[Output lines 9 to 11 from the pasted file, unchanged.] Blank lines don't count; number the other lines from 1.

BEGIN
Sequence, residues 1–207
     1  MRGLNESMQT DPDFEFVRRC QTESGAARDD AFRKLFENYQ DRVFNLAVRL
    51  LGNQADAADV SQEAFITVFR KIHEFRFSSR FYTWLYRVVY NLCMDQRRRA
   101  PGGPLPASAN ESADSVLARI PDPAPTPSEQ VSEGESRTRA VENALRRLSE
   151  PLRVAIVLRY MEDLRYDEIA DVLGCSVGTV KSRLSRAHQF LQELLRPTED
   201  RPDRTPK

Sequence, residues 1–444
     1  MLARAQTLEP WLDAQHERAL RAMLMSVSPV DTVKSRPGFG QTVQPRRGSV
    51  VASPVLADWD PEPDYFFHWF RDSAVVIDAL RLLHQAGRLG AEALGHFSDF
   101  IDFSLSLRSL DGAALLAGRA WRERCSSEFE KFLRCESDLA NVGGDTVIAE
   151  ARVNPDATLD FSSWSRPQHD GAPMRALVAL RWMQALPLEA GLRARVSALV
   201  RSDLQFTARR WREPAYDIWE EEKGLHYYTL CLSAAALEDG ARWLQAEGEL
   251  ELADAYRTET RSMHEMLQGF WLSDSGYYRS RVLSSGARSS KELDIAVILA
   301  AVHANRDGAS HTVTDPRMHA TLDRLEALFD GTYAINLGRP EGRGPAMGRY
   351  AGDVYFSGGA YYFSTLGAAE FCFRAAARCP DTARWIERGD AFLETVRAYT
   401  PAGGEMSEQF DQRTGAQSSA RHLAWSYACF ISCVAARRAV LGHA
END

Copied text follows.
    51  VASPVLADWD PEPDYFFHWF RDSAVVIDAL RLLHQAGRLG AEALGHFSDF
   101  IDFSLSLRSL DGAALLAGRA WRERCSSEFE KFLRCESDLA NVGGDTVIAE
   151  ARVNPDATLD FSSWSRPQHD GAPMRALVAL RWMQALPLEA GLRARVSALV